Shifting Gears

Five islands (7 if you count the ones we landed on) and 3 archipelagoes later, we have said farewell to French Polynesia. Our last day of travel was pretty challenging. We left Rangiroa around 10 am and flew back to Tahiti where, in a moment of clarity, I had booked us into a hotel. We had to be at the airport at midnight for a 2:30 am flight to New Zealand and originally the plan was just to wait it out somewhere. Fortunately, I realized that this was a really bad idea and instead we went to a hotel with a pool and a restaurant. The room was ordinary enough, but the view from the lobby was impressive.

lagoonarium

Abraham and I took a taxi in to Papeete around 4 pm just to have a look around, but when we got there we found that they were hosing down the sidewalks and most of the shops had put up their shutters. The sun sets early in the tropics and we only had about another hour and a half of light. The city had what we both identified as a sort of Saigonesque feel. Of course, neither of us has ever been to Saigon, so I don’t know where we got that idea exactly. But it’s French and tropical and sort of seedily charming. I would have liked more time there but I didn’t much fancy wandering around after dark, so when the sun set we went back to the hotel to catch a couple of hours of sleep.

Well, that was a fond hope. Two single beds, 5 people; you do the math. Dani got a little bit of sleep, and I got a little, but I’m really not sure about the rest of them. Here’s a photo of the boys doing a really good imitation of Zombies at the Faa’a airport around 1 am:

Papeete airport

The only thing that salvaged the experience was this great group outside the international arrivals area, apparently waiting to serenade some homecoming friends. The woman with the guitar [sic] was particularly wonderful.

Faa'a Airport

So, now it’s on to New Zealand. I think we’re all going to miss French Polynesia, having kind of gotten the hang of it by now. Another couple of weeks and I’d have had them all speaking a bit of French; Seven was well along and Matiu, who actually knows a little, was at least helping me translate the menus. We had even mastered a few words (of the hello, please, and thank you variety) of Tahitian. As for the bigger picture, I have been trying to ascertain what exactly I’ve learned but I think it’s going to be a while before I can process it all. On that point I was rather struck the other day by this passage in The Biographer’s Tale by A. S. Byatt:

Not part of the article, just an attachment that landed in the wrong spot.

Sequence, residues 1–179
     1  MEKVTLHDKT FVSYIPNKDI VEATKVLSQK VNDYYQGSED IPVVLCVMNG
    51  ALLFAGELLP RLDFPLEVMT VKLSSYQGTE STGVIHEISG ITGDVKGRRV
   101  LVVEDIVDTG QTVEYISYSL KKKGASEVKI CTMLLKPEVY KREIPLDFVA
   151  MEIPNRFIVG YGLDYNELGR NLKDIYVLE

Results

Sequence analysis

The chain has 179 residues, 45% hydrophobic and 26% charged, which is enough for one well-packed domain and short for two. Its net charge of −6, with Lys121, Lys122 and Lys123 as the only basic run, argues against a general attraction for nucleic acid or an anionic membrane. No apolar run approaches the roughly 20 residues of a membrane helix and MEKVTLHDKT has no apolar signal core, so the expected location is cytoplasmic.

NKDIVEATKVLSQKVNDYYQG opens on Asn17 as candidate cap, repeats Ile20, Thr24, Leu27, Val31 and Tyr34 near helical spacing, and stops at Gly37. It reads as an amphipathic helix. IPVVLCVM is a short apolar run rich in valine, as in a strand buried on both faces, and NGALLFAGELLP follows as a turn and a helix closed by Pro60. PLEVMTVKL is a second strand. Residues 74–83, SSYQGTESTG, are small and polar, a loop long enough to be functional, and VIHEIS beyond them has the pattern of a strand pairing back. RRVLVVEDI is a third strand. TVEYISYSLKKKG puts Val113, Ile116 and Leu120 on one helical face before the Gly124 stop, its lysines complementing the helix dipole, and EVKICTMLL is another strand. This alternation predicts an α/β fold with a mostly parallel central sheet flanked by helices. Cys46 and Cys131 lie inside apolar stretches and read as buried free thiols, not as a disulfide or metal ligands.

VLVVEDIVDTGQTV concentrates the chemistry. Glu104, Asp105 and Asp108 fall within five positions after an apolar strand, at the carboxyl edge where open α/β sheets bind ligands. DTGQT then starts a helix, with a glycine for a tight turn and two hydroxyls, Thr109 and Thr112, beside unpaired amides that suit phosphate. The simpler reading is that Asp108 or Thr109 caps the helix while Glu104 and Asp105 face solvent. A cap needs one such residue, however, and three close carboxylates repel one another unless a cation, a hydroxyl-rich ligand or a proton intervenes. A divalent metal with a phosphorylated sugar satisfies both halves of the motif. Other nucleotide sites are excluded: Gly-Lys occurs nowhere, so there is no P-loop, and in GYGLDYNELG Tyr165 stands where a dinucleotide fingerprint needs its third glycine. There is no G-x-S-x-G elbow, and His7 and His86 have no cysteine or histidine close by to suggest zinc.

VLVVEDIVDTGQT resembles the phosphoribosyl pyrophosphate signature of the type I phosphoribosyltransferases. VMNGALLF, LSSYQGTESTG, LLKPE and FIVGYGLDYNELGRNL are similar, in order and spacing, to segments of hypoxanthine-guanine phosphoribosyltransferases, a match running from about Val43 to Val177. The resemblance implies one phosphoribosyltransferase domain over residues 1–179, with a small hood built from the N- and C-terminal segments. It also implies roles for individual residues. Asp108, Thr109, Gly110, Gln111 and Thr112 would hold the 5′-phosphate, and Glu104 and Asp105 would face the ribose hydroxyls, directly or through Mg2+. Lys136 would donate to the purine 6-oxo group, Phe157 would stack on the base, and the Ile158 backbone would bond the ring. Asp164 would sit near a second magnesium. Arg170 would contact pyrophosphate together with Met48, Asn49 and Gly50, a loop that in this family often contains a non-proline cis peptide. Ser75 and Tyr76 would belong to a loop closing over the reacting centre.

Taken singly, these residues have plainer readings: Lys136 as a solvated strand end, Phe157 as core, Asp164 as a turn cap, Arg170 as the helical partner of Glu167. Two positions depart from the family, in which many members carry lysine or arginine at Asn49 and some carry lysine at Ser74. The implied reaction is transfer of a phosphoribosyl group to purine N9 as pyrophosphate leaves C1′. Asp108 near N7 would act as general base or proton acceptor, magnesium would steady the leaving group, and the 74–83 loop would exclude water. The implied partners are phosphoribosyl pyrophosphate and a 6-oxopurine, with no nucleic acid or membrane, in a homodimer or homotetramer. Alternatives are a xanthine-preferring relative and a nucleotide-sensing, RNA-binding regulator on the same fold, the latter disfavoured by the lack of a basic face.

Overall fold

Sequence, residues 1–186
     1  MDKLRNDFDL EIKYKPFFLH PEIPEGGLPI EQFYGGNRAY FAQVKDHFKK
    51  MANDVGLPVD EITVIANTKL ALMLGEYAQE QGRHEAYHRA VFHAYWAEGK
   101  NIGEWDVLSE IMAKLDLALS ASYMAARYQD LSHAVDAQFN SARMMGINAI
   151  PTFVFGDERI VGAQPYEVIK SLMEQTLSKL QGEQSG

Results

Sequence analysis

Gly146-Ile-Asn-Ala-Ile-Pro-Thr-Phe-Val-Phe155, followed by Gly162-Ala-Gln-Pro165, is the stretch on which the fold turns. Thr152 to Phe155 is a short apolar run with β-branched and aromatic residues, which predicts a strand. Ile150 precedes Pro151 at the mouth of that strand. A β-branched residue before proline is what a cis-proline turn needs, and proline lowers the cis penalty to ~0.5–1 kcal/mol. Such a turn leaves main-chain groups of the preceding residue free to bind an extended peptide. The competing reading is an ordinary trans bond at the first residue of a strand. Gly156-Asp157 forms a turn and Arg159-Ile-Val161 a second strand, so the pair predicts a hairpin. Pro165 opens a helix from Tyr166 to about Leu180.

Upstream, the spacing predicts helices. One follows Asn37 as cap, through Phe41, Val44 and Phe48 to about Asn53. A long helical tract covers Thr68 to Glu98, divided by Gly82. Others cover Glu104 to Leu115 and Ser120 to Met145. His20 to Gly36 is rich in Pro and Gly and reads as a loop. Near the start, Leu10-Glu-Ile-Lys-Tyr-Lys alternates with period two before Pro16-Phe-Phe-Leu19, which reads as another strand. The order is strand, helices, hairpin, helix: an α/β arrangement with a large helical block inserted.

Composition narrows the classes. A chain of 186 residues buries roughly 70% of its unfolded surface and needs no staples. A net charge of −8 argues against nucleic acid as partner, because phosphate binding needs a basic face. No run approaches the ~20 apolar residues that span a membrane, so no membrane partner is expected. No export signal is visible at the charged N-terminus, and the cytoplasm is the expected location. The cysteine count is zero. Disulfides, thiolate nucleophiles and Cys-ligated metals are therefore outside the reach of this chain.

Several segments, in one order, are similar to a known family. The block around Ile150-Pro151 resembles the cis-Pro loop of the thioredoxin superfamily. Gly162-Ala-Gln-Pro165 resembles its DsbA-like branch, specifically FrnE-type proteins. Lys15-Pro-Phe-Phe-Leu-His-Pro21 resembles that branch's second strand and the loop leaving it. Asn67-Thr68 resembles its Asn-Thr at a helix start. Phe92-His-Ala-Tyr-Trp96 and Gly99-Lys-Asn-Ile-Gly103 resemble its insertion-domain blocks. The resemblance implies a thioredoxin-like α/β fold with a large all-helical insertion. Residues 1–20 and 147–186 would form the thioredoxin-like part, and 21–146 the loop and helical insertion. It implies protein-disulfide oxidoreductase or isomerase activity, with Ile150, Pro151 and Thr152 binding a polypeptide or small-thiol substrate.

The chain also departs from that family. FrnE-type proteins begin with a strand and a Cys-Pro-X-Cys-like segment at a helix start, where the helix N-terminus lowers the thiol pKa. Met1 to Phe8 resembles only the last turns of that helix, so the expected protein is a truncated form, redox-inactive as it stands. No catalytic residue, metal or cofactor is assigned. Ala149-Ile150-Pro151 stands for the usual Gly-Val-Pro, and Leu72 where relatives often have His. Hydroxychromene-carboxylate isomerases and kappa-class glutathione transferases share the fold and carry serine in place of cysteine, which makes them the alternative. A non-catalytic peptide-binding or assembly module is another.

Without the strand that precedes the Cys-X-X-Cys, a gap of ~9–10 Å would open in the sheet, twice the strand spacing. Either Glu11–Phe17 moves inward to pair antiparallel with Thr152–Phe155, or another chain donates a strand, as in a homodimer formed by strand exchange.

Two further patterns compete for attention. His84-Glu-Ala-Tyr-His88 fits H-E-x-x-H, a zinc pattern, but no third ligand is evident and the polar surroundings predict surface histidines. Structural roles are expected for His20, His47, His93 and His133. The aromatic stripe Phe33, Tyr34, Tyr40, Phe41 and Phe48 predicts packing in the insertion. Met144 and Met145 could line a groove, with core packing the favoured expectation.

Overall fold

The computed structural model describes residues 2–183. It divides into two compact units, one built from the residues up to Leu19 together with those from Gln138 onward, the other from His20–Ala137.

“We see most clearly at a distance; details confuse us; we must get away from what we desire to judge; summer is best described on a winter day.”

The Prodigal Returns

Land, Sea, and Air

The day before we left Mo’orea, Seven and I went to pay a call on Marimari Kellum, whose grandfather came out to French Polynesia from the States at the beginning of the last century and, for a time, owned the whole ’Opunohu Valley (her father ended up giving most of it to the Territoire). Kellum’s son, Hiria Ottino, has just embarked on an amazing journey, retracting the ancient Polynesians’ migration route in reverse all the way back to China, and he actually IS sailing! Here is a photo of the canoe he will be  traveling in:

O Tahiti Nui Freedom

and a link to the website for anyone who wants to know more: http://otahitinui.com/vaa/en. Here’s to a safe and enlightening journey. Bon voyage!

Our own little party, meanwhile, also finally managed to get out on the water, albeit for a 5-minute lagoon crossing, but it might still have been one of the highlights of our time in Mo’orea. We went out to the Lagoonarium (not to be confused with the lagoonarium at the Tahiti hotel), which is a little motu out on the reef with places to sit and drink coffee and snorkels and kayaks that you can borrow. Here is a picture of us going across in the boat: